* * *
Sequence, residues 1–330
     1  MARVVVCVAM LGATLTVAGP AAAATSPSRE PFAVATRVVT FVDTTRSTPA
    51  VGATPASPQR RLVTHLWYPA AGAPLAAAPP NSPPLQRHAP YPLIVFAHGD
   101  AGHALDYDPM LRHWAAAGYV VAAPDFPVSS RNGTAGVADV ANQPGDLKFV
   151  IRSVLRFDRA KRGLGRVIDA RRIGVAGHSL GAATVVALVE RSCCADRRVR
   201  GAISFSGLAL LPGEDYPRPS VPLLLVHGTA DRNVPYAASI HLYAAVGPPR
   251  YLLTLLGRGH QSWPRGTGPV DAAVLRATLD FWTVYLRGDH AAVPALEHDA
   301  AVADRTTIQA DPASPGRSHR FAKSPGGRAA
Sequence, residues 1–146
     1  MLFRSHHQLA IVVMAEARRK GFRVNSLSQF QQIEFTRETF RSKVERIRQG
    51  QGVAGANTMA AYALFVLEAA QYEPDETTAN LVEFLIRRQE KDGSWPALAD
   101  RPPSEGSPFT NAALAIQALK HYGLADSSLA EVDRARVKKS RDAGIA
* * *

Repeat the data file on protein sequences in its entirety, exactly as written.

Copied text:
Sequence, residues 1–330
     1  MARVVVCVAM LGATLTVAGP AAAATSPSRE PFAVATRVVT FVDTTRSTPA
    51  VGATPASPQR RLVTHLWYPA AGAPLAAAPP NSPPLQRHAP YPLIVFAHGD
   101  AGHALDYDPM LRHWAAAGYV VAAPDFPVSS RNGTAGVADV ANQPGDLKFV
   151  IRSVLRFDRA KRGLGRVIDA RRIGVAGHSL GAATVVALVE RSCCADRRVR
   201  GAISFSGLAL LPGEDYPRPS VPLLLVHGTA DRNVPYAASI HLYAAVGPPR
   251  YLLTLLGRGH QSWPRGTGPV DAAVLRATLD FWTVYLRGDH AAVPALEHDA
   301  AVADRTTIQA DPASPGRSHR FAKSPGGRAA
Sequence, residues 1–146
     1  MLFRSHHQLA IVVMAEARRK GFRVNSLSQF QQIEFTRETF RSKVERIRQG
    51  QGVAGANTMA AYALFVLEAA QYEPDETTAN LVEFLIRRQE KDGSWPALAD
   101  RPPSEGSPFT NAALAIQALK HYGLADSSLA EVDRARVKKS RDAGIA